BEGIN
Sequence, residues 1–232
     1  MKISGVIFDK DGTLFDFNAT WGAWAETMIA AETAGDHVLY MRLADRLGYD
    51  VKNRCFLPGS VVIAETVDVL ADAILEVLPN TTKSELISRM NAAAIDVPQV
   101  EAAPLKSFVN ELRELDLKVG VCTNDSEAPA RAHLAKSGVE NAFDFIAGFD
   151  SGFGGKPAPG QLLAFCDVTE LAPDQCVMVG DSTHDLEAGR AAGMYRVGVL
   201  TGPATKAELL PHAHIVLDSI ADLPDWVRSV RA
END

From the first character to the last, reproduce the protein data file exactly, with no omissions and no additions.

Sequence, residues 1–232
     1  MKISGVIFDK DGTLFDFNAT WGAWAETMIA AETAGDHVLY MRLADRLGYD
    51  VKNRCFLPGS VVIAETVDVL ADAILEVLPN TTKSELISRM NAAAIDVPQV
   101  EAAPLKSFVN ELRELDLKVG VCTNDSEAPA RAHLAKSGVE NAFDFIAGFD
   151  SGFGGKPAPG QLLAFCDVTE LAPDQCVMVG DSTHDLEAGR AAGMYRVGVL
   201  TGPATKAELL PHAHIVLDSI ADLPDWVRSV RA